Wednesday on Writing: Why Do Word Processors Even Have Grammar Check?

A lot of people are not big fans of the grammar check function in word processors. Many wish they could turn it off, but many times, it’s tied to the spell check function and that one is useful. Usually. 

I will confess that I don’t absolutely hate grammar check software. I don’t think I’d miss it horribly if it went away, but I do find it useful at times. Here’s why.

First, let’s get something straight. Grammar checking software, like most of these sort of things, is not perfect. It’s also not 100% useful to a fiction writer. Grammar checkers use the strict rules of grammar- all those “stupid” rules you had to learn in English class and have (mostly) forgotten. If you are writing a formal paper or report of some sort, you might well need that grammar check to keep your writing professional sounding. But fiction? Fiction is different. We pretty much never want our writing to feel formal and dry like a dissertation or article for a professional journal. We fiction writers are more informal and approachable, right?

Right. For the most part. And that is especially true for dialogue. Very few people anywhere speak in strictly grammatically correct forms. We use contractions, idioms, colloquial phrases, and just plain wrong sentences. As writers, we need to be aware of those things, because if every character we write speaks absolutely correct grammar, they would all sound stilted and uninteresting. 

However, we do need to be aware of some basics. Punctuation, sentence structure, verb tense- all of these are marks of a good writer. Yes, we sometimes break the rules, but you gotta know ’em to know when to break ’em. In addition, sometimes, we need to be reminded when we are going too far wrong. See that long, run on sentence that the grammar checker is telling you to add a comma here, take one out there, put in a preposition or a conjunction? Yeah, maybe what the grammar fairy in your computer is really telling you is that you should rewrite that behemoth into a few somethings less confusing.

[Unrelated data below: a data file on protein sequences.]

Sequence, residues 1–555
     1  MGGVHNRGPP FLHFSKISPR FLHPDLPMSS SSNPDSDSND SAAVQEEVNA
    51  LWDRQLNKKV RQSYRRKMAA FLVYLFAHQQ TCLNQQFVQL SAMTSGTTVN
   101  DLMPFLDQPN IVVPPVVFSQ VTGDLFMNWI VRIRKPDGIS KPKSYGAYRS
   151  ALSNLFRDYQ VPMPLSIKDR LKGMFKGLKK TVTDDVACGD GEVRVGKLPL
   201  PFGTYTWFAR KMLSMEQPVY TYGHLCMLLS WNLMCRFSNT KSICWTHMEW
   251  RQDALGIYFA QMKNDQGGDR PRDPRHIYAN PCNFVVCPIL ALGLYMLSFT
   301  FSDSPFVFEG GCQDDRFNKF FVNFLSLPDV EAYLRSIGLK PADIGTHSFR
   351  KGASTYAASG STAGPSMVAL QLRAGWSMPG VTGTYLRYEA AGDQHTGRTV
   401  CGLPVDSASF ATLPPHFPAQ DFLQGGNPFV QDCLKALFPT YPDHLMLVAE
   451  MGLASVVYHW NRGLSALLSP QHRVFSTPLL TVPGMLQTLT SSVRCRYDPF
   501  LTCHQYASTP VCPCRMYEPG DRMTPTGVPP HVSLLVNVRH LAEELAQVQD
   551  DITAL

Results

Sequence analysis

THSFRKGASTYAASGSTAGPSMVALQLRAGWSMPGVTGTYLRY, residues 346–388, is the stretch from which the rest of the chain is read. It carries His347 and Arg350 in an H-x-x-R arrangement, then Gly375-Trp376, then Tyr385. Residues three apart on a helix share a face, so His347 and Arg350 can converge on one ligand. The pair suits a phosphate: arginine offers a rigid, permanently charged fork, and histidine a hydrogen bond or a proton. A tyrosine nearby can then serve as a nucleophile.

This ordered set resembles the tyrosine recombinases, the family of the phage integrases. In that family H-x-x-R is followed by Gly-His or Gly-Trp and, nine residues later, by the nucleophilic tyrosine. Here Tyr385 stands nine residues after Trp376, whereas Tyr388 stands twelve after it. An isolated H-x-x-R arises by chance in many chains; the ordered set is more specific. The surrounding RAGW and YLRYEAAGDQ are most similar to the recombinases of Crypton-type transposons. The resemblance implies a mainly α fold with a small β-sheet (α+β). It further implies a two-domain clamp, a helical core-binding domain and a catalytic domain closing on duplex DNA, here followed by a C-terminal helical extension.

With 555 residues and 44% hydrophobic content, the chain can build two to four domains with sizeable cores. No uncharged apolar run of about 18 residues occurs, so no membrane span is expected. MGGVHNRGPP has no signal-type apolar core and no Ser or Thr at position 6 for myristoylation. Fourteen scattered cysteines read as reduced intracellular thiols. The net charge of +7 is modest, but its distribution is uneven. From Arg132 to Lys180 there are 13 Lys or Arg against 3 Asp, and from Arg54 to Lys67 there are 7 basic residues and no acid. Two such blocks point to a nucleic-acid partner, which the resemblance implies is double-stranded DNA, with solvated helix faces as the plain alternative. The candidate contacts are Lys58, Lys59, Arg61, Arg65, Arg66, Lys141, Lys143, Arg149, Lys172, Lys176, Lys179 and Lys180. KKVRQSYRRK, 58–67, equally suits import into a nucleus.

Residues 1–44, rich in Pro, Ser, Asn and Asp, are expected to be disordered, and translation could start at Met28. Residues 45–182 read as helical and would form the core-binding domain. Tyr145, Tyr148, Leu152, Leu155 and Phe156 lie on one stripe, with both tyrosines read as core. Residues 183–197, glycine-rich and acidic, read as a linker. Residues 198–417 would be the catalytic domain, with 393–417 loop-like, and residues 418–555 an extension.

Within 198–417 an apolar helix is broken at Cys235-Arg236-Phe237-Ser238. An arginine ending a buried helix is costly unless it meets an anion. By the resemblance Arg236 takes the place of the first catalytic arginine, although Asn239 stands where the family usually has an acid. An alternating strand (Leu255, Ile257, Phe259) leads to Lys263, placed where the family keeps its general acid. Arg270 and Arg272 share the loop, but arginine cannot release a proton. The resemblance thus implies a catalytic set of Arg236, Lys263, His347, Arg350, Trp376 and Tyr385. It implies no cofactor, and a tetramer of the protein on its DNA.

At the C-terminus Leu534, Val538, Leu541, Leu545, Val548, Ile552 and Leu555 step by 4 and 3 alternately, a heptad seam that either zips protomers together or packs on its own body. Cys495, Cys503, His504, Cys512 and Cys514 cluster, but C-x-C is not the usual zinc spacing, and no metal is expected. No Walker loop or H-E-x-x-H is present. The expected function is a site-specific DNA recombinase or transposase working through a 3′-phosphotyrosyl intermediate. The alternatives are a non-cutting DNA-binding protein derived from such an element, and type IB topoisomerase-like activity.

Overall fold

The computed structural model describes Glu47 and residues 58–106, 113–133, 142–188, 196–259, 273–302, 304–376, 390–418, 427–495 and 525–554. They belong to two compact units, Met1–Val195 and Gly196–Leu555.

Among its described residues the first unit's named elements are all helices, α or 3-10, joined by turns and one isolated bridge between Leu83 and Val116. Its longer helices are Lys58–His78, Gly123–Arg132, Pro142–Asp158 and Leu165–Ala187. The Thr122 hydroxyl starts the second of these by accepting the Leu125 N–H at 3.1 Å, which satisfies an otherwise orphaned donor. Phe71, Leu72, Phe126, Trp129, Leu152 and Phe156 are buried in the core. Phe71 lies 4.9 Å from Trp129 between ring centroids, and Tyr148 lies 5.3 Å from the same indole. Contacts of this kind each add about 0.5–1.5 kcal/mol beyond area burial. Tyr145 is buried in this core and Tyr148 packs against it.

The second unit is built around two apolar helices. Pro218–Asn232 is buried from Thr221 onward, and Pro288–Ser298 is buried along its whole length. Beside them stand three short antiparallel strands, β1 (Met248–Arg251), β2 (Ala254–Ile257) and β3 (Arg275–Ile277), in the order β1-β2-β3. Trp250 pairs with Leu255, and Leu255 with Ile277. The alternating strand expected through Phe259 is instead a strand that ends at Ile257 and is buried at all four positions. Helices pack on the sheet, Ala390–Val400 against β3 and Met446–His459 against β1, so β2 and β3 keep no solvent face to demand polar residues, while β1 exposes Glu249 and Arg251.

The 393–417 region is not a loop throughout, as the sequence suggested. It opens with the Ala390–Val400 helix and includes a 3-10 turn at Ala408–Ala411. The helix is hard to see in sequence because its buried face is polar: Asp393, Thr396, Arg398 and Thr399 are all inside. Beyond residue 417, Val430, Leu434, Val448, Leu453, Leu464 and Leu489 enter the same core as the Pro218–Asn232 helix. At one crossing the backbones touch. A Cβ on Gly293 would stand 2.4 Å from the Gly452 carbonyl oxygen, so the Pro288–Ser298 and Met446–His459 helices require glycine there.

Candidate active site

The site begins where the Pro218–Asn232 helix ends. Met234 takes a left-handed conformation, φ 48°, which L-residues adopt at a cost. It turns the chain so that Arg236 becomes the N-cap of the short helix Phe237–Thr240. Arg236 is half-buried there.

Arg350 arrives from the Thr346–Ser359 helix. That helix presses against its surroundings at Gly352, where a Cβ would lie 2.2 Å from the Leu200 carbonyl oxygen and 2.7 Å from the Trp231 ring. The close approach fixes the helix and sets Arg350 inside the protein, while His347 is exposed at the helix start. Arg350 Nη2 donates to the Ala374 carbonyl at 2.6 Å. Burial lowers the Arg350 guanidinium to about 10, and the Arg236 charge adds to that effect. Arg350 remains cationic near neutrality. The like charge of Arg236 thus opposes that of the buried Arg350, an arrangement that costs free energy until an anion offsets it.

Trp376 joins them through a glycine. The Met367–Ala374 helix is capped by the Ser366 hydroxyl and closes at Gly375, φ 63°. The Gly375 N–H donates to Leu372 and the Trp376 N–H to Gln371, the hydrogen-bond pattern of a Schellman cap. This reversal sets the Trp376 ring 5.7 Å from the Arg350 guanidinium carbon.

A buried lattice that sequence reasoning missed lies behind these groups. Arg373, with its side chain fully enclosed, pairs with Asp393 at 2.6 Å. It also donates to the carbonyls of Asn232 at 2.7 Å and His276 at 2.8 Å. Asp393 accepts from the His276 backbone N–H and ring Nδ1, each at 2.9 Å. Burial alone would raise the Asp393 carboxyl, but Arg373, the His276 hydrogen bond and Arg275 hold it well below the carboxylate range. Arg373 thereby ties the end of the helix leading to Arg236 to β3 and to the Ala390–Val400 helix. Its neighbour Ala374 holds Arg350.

That’s where I use the grammar check. I usually ignore it for dialogue, unless I am writing a character that I want to sound stilted and overly formal. But I do look at the suggestions for the rest of the writing. Most get dismissed out of hand. But there are often a few that make me rethink that sentence or fragment. Sometimes, it makes me work at it and turn it into something better. Maybe the better isn’t grammatically correct, either, but the flag on the original made me stop and consider if it could be better.

So don’t dismiss your grammar checker out of hand. Give it a chance to tell you a few things about your writing. You don’t have to listen to it on every detail any more than you have to listen to any other critique you get. But at least let it, and those other critiques, force you to think about whether you can make your writing better. We can all do with a little help now and then. Let’s take it wherever we can get it.

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Two's Company small thumbnailMedusa “Deuce” Grainger is smart, confident, and as good a pilot as she is a poker player. A freelance shuttle jockey working for an independent terraforming company, she’s left her former life, and her father, behind. Mostly.

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Things have been quiet. No demonic possessions, no otherworldly intrusions, nothing. And then Lucifer shows up in Johnny’s living room, claiming that two archangels are missing, and something is definitely not right in the heavenly- and other- realms. Saying he has nothing to do with it- this time- he asks Johnny and Cerise to help him find out what’s happening, and who is behind the disappearances. While they are trying to do just that, Lucifer is devilnapped by a larger-than-life serpent. He manages to get a clue to Johnny before he disappears. Johnny and Cerise are left to puzzle out the disappearances and try to find the missing angels. Oh, and stop what could mean the ultimate destruction of pretty much everything.

Snake’s Alive, the Yo-Yo Files #2 is an urban fantasy novelette with elements of the supernatural and humor. Learn more here.

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